But it is behind the crumbling walls of the Country Club mansions that the most pathetic chavistas are bred – the secret ones. They can no longer afford to keep up appearances since Chávez is nationalising estates of 100,000 acres or more. The Country Club used to name and shame those members remiss in their subscriptions on a wall. Now, the list is so embarrassingly long that the club has stopped. In order to restore their fortunes, some covert chavistas have grovelled to the government. At the same time they masquerade as principled members of the upper class and mock the heathen and gauche chavistas while playing golf or sipping a whiskicito at a drinks party. Yet they fret that the secret source of their restored glory will be discovered and they will be reviled by their old-money friends in the opposition.
After all, conspicuous consumption is no longer an option for non-chavistas, for among them Orwellian paranoia has set in. That
includes the Country Club set, which has retreated into a fortress mentality. The built-up walls surrounding their mansions now have electric wires above the spikes and are surveyed by video cameras and armed guards in fortified cubicles with bulletproof glass. But the guards themselves are often suspected as part of the problem, as probable chavistas. So arming your security guards, as my brother has done at his dairy farm, is no guarantee. He has stayed away in recent months for fear that he may land at the airstrip one day and find his weapons used against him. This fear and class hatred is part of Chávez’s design. At the end of his TV speeches, there is a graphic incitement to violence – footage of the poor setting cars on fire, looting and throwing Molotov cocktails. It’s no wonder the prices of apartments have skyrocketed while those of houses have remained flat.
Fortunately, Venezuelans are quite adaptable, and have even taken in their stride the sharp increase in kidnappings, currently quadruple those in Medellín, Colombia. Kidnappings here fall into two categories. There are the high-ransom, well-organised ones, plotted with the aid of Facebook pages, which reveal where the wealthy go, with whom and in what car.
Then there’s the quick, opportunistic ones for small amounts of money, known as “kidnap express,” which recently happened to a friend of mine. As she left her Las Mercedes (think Mayfair) hairdresser and put her key in the door of her Mercedes, a Jeep full of young thugs pulled up behind her and they drew their guns. “Get in,” they said. “And phone your husband and tell him you won’t be coming home unless he gets us $50,000 tonight.” She phoned him, he paid, and then she found a hairdresser with valet parking.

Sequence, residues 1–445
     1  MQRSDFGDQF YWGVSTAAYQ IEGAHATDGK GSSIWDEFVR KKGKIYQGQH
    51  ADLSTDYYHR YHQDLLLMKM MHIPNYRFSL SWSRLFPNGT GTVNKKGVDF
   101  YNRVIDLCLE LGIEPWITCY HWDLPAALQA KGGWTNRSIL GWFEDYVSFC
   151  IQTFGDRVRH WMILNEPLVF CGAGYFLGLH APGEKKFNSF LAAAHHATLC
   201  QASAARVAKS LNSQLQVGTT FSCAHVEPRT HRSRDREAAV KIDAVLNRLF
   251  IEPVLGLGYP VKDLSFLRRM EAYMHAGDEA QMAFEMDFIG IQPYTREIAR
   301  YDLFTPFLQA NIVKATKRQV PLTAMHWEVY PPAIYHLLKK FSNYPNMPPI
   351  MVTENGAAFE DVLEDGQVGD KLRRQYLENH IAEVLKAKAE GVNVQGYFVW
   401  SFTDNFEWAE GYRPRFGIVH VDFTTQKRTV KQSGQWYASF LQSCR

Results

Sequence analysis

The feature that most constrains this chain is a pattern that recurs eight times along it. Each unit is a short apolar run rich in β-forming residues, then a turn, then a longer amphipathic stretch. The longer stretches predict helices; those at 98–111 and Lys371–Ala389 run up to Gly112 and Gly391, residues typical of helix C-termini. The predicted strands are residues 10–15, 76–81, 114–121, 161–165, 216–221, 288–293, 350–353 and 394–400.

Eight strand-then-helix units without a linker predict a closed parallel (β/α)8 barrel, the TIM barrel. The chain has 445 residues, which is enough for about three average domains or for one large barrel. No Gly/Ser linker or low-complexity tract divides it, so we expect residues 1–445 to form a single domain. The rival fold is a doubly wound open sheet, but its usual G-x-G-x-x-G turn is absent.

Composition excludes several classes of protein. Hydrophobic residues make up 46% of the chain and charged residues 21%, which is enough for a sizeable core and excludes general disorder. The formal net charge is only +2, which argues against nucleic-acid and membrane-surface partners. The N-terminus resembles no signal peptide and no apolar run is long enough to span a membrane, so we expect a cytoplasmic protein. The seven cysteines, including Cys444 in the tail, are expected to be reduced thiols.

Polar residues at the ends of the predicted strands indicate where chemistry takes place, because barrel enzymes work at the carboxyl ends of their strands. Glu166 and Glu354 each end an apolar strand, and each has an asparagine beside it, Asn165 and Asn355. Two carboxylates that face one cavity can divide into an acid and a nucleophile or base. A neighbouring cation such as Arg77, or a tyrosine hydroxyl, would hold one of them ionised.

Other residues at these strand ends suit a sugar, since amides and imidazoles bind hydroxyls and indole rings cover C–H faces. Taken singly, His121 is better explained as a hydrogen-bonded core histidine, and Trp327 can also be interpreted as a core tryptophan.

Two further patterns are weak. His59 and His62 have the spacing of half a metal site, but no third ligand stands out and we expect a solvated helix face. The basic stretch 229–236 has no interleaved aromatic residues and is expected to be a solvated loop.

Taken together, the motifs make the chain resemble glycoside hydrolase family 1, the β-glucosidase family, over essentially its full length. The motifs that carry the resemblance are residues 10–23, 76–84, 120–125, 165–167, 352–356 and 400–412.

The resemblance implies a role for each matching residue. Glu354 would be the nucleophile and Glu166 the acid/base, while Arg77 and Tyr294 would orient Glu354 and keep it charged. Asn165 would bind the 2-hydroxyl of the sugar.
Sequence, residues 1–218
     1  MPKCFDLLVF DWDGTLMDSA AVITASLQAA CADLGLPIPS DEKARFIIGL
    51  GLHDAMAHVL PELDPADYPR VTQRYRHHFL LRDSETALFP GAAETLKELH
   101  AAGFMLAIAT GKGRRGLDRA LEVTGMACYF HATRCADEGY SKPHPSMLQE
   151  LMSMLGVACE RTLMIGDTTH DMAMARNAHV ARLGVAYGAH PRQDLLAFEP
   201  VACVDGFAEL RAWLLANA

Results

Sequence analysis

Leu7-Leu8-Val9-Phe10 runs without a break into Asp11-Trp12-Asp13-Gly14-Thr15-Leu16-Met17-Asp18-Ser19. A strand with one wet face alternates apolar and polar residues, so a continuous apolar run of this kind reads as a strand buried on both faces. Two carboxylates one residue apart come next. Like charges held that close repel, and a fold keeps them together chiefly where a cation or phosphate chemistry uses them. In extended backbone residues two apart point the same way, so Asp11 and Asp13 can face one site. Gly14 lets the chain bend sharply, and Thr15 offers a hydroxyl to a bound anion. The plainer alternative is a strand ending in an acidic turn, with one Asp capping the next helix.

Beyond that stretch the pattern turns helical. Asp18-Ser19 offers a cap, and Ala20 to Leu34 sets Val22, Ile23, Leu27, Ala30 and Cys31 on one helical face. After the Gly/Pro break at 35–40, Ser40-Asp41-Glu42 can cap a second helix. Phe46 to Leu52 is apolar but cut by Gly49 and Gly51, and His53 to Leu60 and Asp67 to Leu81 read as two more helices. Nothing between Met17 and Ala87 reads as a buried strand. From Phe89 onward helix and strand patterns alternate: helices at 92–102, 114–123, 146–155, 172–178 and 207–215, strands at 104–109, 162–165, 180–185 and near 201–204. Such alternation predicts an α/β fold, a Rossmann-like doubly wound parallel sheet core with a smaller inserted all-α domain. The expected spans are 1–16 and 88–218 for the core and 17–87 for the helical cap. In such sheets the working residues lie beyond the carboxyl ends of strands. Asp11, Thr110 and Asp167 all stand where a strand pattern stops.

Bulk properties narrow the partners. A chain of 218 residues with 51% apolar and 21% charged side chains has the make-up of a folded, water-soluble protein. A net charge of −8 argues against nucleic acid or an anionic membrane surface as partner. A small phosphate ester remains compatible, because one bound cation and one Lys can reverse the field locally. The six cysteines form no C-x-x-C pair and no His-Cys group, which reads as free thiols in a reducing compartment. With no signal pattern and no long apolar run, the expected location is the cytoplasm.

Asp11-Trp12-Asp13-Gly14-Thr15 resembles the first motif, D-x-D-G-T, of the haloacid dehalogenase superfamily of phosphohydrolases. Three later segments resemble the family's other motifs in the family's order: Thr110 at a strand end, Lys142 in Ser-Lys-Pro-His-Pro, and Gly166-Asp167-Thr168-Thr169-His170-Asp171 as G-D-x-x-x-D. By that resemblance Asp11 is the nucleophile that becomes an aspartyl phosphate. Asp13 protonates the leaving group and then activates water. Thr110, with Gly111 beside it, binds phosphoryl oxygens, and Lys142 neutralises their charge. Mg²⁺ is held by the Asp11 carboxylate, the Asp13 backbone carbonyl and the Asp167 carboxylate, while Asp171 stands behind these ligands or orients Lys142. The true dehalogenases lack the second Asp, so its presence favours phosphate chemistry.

Besides the endemic fear of violence, there are the food shortages. For months, Chávez’s price controls meant that food staples such as beans, corn flour, milk and eggs could rarely be found. When they were, three-hour Soviet-style queues ensued. When Chávez handed out packets of powdered milk to compensate, the bellies of recipients were painted Chávez red, though branding them like cattle might have been more effective.
While Venezuelans go hungry, Chávez sees himself as a global player, spreading his influence throughout the region, funding and aiding Raul Castro in Cuba, Evo Morales in Bolivia, Rafael Correa in Ecuador, Daniel Ortega in Nicaragua, Michelle Bachelet in Chile, Cristina de Kirchner in Argentina and Luiz Inacio Lula da Silva in Brazil. The last three, despite their lip-service to Chávez, have pursued moderate, practical policies. Chávez’s coziness with Farc terrorists in Colombia has also irked many Venezuelans, particularly those who live along the porous border, which the Farc routinely cross to hide and to kidnap Venezuelans. “No more FARC” read giant banners at a Caracas demonstration in early 2008.
Now the Russians have arrived, with their oil deals and warships, following China to make new friends in Latin America. Venezuelans are unimpressed. They have, they say, already helped Russia enough by buying $5.4 billion of their weapons. Venezuela does not want to be like Cuba. That’s Chávez’s ambition, not the people’s. Now it might not happen.
As the election results were announced, fireworks exploded over the city. The opposition won in most of the Caracas slums ( previously chavista bastions) and the five most important and populous states – this despite Chávez’s pre-election threats to imprison opposition candidates and militarily occupy those areas that voted for them. Now Chávez is sounding more conciliatory and speaking of respecting the will of the people. But he is still very much in power. Chavistas still control the Supreme Court, the National Assembly, the federal bureaucracy and every state company. In Barinas, Chávez’s home state, his older brother Adán narrowly won the governorship, replacing their father and continuing a political dynasty that has long been plagued by accusations of corruption and abuse of power.
The political map is more mottled. Although chavista red still dominates, the more modern parts of the country have clearly voted for change. And this could be Chávez’s unintentional political legacy – greater political participation and inclusion for all. “Venezuelans never used to care about politics,” said my sister-in-law. “Since Chávez, it’s all they talk about.”
Never again will the wealthy be vilified in such simplistic terms; putschists, strikes and class violence have also lost their lustre. Venezuelans want to work together and live peacefully in a just socioeconomic and political system. And that, more than anything else, will spell the end of Chávez and his protégés and the start of a true participatory democracy.